One of Eastbourne’s best kept secrets – Compton House

I was lucky enough to be included in a tour of one of Eastbourne’s best kept secrets: Compton House. It is not open to the public, but thanks to Sussex Archaeological Society, I was able to join in with one of their rare tours.

It’s a secret place, hidden behind tall, knapped flint walls with a narrow entrance. Mmm, intriguing. I’d always wanted to explore . . .  

The house is beautiful and full of wonderful mouldings and architecture as one would expect, but I would like to concentrate more on the people who lived there and their personal stories.

The 7th Duke of Devonshire, William Cavendish, was the man who inherited Compton House when one of his ancestors, Lord George Cavendish married Lady Elizabeth Compton in 1763. In 1858 it was added to the estates of the duke.

Those of us who are interested, know that the 7th Duke had a vision to create an upmarket, seaside resort in Eastbourne for people of quality. He built huge, extravagant villas and connected them with wide, tree lined boulevards. It is rumoured that he told the head of the railway company, when it finally reached Eastbourne in the mid 1800’s, that he didn’t want them to sell cheap day tickets to Eastbourne as he didn’t want that class of person to visit. Well, I’m sure the Duke must be turning in his grave as today, Eastbourne is full of that class of person (including me) living here and enjoying his legacy.

For me, one of the most poignant stories attached to this house was a tiny piece of history. Scratched in the corner of a window pane in one of the bedrooms was this:

It says, Alex, 1892.

This was Queen Victoria’s grand-daughter, Alexandra of Hess, who, two years later, married Nicholas, Tsar of Russia. The same Nicholas and Alexandra who were assassinated, with their children, during the Russian Revolution. This tiny bit of history really touched me and brought it to life. It was such a small, personal thing to do and it moved me with its intimacy, innocence and tragedy.

Last century, after the death of a few dukes close together, the family were rocked by death duties and were forced to sell off a lot of their assets in Eastbourne and the house was rented out to a ladies’ finishing school. Their most famous student was Benazir Bhutto. She was also assassinated later in life. How extraordinary!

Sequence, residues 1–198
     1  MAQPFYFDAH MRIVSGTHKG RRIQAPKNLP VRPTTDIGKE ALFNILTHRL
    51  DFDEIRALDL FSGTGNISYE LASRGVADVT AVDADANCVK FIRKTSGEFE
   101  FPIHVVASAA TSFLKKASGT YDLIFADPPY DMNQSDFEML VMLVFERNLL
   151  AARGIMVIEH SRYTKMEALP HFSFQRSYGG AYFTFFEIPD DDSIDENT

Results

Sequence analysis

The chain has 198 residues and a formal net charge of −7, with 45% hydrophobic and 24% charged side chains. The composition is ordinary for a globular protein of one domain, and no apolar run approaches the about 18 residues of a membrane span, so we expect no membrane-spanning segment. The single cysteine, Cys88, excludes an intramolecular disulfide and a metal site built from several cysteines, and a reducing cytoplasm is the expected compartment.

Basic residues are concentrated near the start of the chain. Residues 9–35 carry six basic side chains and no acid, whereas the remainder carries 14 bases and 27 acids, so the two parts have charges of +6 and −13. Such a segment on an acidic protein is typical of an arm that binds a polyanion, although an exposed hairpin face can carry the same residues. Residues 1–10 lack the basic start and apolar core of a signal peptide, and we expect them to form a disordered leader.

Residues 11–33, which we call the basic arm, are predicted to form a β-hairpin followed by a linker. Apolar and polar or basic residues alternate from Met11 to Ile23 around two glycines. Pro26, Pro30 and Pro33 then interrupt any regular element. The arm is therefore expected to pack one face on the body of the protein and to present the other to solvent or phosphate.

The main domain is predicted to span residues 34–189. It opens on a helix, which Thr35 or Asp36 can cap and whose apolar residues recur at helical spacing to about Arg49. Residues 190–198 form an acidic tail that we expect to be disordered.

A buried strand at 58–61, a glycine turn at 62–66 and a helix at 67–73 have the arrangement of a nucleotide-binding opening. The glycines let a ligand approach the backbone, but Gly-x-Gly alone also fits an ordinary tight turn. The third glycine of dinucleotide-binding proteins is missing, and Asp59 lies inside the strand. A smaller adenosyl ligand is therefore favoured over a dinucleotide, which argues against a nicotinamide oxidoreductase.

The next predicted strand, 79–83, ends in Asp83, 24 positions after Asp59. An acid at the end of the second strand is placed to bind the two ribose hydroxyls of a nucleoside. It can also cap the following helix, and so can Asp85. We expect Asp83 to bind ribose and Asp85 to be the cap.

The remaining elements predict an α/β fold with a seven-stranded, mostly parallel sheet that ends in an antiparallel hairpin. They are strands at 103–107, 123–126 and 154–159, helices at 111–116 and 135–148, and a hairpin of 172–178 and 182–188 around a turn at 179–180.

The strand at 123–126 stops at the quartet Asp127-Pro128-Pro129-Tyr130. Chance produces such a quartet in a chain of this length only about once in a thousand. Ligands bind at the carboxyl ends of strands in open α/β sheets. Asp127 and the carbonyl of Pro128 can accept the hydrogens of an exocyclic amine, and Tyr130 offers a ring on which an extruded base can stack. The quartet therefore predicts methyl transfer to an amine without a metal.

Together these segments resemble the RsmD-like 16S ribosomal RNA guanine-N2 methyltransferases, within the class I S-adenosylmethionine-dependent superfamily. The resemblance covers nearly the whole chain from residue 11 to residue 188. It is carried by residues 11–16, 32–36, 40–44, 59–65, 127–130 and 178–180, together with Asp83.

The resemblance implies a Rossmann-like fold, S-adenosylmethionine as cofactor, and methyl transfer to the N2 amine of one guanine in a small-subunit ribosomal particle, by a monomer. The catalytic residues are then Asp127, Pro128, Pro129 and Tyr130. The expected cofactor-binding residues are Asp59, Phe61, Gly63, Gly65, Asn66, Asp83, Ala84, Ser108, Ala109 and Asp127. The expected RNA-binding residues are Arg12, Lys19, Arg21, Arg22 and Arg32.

Another extraordinary thing is, the duke at that time, with the help of his son, was chopping down a tree in the garden of Compton House when the duke felt ill and the doctor was called. For those of you who don’t know the history of Eastbourne, as well as having two famous visitors who were later assassinated, we also have our own alleged serial killer doctor. Dr. John Bodkin Adams.

Dr Adams was accused of murdering 163 patients but was acquitted after a trial, however, doubt still hangs over him and he was known to have disliked the duke because he was a freemason. Dr Adams had a hatred of freemasons. The duke died three hours after the doctor’s examination. The mystery remains – did the doctor kill the duke?

Death duties also forced the family to sell some of the land around Compton House and developers built several tall blocks of flats in front of the house, which of course, meant the house was overlooked. It is said that a recent duke loved Eastbourne and the house so much he wanted to bring the house back into the family and spend time there, but his wife said she refused to live in a house overlooked by the hoi polloi.

The house became a language school with many students from all over the world taking advantage of this beautiful setting.

One day, the duke decided to visit the house to see how things were going, and as he walked down a narrow corridor used by the students, he stopped suddenly beside a huge 18th century painting of a brother and sister. “What’s that doing there?” he is reputed to have asked. “It’s worth a quarter of a million pounds!” The painting was carted off to the duke’s other home – Chatsworth. But the school had become fond of the painting and wanted a copy. It now hangs in the same narrow corridor as the original and the story goes that the brother depicted in the painting suffered from the gambling sickness and was in serious debt. He came out of a gambling den one night and was attacked in the street. He woke up in chains on a ship in the middle of the ocean. He was taken to Jamaica and was kept as a slave for seven years until it was deemed he had worked enough to pay off his debts and he was allowed to go back to England (his father paid his fare). Another extraordinary story involved with this house!

What a fabulous place to learn English. I hope those students realise how lucky they are.

 

A classroom

 

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